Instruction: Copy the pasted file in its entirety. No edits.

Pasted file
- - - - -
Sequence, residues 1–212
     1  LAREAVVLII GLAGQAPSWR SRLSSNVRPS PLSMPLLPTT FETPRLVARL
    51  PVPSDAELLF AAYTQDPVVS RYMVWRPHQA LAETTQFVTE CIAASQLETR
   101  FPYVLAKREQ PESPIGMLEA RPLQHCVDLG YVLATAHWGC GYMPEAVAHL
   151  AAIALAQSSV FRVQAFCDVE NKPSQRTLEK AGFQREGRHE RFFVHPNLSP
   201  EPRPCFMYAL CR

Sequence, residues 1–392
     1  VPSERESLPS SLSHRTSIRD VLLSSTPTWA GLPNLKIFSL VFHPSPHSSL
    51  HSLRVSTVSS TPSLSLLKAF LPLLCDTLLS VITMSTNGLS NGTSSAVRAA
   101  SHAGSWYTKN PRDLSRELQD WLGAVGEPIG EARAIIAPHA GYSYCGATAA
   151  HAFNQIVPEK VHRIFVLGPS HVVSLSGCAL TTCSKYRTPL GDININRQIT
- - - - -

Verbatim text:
Sequence, residues 1–212
     1  LAREAVVLII GLAGQAPSWR SRLSSNVRPS PLSMPLLPTT FETPRLVARL
    51  PVPSDAELLF AAYTQDPVVS RYMVWRPHQA LAETTQFVTE CIAASQLETR
   101  FPYVLAKREQ PESPIGMLEA RPLQHCVDLG YVLATAHWGC GYMPEAVAHL
   151  AAIALAQSSV FRVQAFCDVE NKPSQRTLEK AGFQREGRHE RFFVHPNLSP
   201  EPRPCFMYAL CR

Sequence, residues 1–392
     1  VPSERESLPS SLSHRTSIRD VLLSSTPTWA GLPNLKIFSL VFHPSPHSSL
    51  HSLRVSTVSS TPSLSLLKAF LPLLCDTLLS VITMSTNGLS NGTSSAVRAA
   101  SHAGSWYTKN PRDLSRELQD WLGAVGEPIG EARAIIAPHA GYSYCGATAA
   151  HAFNQIVPEK VHRIFVLGPS HVVSLSGCAL TTCSKYRTPL GDININRQIT